Hello, my name is Jamie, and I am one of those annoying Wordle people. Every morning — after I shuttle my children off to school and before I sit down to work — I make myself a cup of coffee, scroll through Twitter and, within a minute, see someone in my feed has posted their results. Those black, yellow, and green squares do to me what a bell did to Pavlov’s dogs. I perk up, I (mentally) salivate. I say, “Oh right! Time for Wordle!”
For the uninitiated, Wordle is a daily word puzzle game. It’s not an app. As in Internet Days of Yore, you have to go to the Wordle website — a sparely designed space free of flashy animated ads or literally anything but the puzzle itself. The premise is fairly simple:
“Guess the WORDLE in 6 tries,” reads the prompt players receive during their first game. “Each guess must be a valid 5 letter word. Hit the enter button to submit. After each guess, the color of the tiles will change to show how close your guess was to the word.”
Start with any word (I’ve had good luck opening with STEAM.) Once you hit enter, the tiles will “flip” and reveal a color. A black tile means the letter is not in the Wordle. Yellow means the letter is there, but not in the space you have it, and green means that letter will be in that space.
In one to six tries, you’ve either guessed the Wordle or not. Once you have (or have failed) your statistics pop up: how many tries it took you, how you do generally, your winning streak, etc., with the option to share them.
And that’s it until tomorrow.
No. Really. You’re done.
No new puzzle generates to keep you clicking. No “upgrade” feature to “unlock” new games. No ads. None of the trappings of so much of the internet, which earns money by keeping you clicking for as long as possible. There’s nothing to keep you from moving on with the rest of your busy day. And, according to a recent interview in the New York Times , that’s how creator Josh Wardle likes it. (Yes, the title of the game is a pun, which frankly adds to my healthy obsession)
“It’s something that encourages you to spend three minutes a day,” he told the Times. “And that’s it. Like, it doesn’t want any more of your time than that.”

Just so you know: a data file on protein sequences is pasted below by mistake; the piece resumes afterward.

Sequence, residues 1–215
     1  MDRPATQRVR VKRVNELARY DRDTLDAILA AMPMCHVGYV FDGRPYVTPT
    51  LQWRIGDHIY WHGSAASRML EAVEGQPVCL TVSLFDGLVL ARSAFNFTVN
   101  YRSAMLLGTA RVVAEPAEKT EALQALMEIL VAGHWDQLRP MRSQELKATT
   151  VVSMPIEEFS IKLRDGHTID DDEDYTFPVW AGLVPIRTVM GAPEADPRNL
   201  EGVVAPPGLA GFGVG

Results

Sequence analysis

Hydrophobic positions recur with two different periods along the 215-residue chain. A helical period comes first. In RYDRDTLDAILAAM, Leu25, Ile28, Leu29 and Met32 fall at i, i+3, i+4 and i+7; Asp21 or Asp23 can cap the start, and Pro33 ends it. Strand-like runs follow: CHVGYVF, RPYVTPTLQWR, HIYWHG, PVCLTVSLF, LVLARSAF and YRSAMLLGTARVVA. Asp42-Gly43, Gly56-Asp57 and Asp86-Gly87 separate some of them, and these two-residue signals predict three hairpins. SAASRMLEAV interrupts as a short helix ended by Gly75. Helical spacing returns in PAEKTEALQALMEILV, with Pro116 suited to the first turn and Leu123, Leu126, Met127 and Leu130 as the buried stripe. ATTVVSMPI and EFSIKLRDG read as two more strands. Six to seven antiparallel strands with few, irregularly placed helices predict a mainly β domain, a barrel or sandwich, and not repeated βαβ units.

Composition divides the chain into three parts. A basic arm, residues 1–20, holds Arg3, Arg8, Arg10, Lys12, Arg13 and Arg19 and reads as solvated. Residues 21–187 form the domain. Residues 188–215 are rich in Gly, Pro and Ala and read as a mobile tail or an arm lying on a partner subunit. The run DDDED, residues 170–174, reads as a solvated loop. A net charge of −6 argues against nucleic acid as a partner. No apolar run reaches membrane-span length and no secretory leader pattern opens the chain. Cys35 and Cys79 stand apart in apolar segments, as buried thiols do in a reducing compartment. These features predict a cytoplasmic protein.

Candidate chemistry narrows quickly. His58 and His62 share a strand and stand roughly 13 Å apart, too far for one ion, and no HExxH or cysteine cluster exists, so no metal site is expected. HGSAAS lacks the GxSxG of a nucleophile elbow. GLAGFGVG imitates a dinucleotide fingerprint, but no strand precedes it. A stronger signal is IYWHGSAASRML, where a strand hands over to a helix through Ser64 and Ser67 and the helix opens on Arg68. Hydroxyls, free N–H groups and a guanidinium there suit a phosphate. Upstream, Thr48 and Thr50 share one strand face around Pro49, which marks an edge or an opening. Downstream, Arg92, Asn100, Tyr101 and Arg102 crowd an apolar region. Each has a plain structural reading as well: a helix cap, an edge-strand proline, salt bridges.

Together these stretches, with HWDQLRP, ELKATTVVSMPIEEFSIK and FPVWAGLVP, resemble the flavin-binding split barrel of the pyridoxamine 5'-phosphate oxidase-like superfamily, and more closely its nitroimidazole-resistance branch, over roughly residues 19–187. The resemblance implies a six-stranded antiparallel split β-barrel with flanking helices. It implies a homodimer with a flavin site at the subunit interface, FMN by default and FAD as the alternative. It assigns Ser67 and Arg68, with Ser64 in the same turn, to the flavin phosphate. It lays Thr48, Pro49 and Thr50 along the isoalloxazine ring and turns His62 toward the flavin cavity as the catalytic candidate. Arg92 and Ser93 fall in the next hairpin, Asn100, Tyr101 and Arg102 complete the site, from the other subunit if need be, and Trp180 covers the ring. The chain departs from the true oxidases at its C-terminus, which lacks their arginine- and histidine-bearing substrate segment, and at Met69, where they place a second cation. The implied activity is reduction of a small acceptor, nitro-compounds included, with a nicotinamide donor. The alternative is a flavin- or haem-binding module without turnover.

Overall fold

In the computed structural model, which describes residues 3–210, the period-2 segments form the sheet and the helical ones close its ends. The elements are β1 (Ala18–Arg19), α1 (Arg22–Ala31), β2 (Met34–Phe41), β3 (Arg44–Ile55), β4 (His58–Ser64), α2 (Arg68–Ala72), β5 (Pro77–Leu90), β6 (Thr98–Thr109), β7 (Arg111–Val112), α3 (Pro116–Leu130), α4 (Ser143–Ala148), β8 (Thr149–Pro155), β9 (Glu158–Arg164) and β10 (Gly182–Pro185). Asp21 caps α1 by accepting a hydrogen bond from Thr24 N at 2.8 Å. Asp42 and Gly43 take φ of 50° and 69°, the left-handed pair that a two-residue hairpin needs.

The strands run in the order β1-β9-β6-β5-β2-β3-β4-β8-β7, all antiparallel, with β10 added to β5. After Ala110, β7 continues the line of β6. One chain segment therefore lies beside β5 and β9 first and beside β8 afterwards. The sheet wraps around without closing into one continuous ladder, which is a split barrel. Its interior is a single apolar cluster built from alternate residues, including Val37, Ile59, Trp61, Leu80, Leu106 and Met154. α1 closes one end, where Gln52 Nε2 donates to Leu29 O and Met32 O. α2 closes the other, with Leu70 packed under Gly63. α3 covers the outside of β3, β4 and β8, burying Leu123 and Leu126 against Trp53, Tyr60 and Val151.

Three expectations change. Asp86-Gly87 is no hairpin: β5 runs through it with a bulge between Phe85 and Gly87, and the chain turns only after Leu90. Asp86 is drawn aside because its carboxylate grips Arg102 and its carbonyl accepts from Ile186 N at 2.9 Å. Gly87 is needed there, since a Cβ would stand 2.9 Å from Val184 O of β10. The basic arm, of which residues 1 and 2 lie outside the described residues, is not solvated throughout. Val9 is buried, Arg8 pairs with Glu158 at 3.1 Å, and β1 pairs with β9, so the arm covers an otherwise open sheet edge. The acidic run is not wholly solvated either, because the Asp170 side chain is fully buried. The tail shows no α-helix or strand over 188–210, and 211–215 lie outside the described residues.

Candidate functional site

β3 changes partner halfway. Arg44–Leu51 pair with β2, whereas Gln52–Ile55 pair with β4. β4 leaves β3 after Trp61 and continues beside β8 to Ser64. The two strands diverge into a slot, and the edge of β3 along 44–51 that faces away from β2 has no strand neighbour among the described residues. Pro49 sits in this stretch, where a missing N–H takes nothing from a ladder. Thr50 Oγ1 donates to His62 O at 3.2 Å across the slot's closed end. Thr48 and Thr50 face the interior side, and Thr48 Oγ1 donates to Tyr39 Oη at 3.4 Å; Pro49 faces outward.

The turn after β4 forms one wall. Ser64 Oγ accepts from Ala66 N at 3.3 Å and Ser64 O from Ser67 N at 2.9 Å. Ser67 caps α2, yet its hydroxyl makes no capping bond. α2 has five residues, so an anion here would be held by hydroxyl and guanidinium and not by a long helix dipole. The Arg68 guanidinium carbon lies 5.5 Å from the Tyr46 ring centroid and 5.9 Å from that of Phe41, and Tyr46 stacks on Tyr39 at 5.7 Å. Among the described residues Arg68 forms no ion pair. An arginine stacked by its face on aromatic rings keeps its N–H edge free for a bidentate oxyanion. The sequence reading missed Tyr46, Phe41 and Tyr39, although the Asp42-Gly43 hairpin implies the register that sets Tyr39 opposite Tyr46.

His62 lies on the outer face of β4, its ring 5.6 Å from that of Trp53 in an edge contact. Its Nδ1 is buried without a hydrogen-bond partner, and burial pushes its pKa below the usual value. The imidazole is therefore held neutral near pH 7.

As an over-scheduled, in-demand woman, wife, friend, and mother: this speaks to me. Because I need fewer demands and more simple pleasures. I appreciate the small joy of a little morning ritual that isn’t mindless, but is low-stakes in pretty much every way possible. Something that won’t chew up my productivity or cost money. Something that speaks to my mom problem solving skills without taxing me emotionally — if I can figure out how to coordinate the needs of two children, a job, and a household, I can figure out what letter comes between that “O” and “L.”
Something that won’t fall apart if I forget about it for 23 hours and 50 minutes a day.
It’s a nice change of pace from a lot of my day, is what I’m saying. But, of course, now that it’s reached a certain popularity threshold, we already have the Cranky Online people who have to complain about Wordle. (Because this is the Internet and none of us are allowed to have nice things ever.)
“Uuuuugh! It’s all over my feed!” wail the naysayers. “All I see is pictures of green, black and yellow squares! Why do people post their Wordle scores every day? It’s so dumb.”
I might get self conscious about these complaints, except that they are most often coming from the same people who complain about seeing basically anything.
“Why do people post so many pictures of their kids?”
“Why do people post pictures of their food?”
“Why do people post so many memes?”
I have several questions in response: “Why do you care?” “Is someone forcing you to interact with these posts in any way? Blink twice if yes.” and “If you hate all these things so much why are you even on social media? Because it sounds like you just hate social media.”
We’re social, playful creatures: of course we’re going to share scores. It’s fun to talk about the game — how hard it was, how lucky we got, what strategies have helped us guess or get better. It’s also a fun and informative way to see which of our friends are witches.
It’s only a matter of time before some of these folks submit their barrage of hot takes claiming “Wordle is pRobLEMaTiC aCTUalLy,” which in turn, will spur on a day’s worth of discourse on Twitter. ( I’m drumming my fingers on my desk in weary anticipation of that one.)
But, until then, I look forward to tomorrow morning, when I remember, “Oh yeah! It’s time for Wordle.”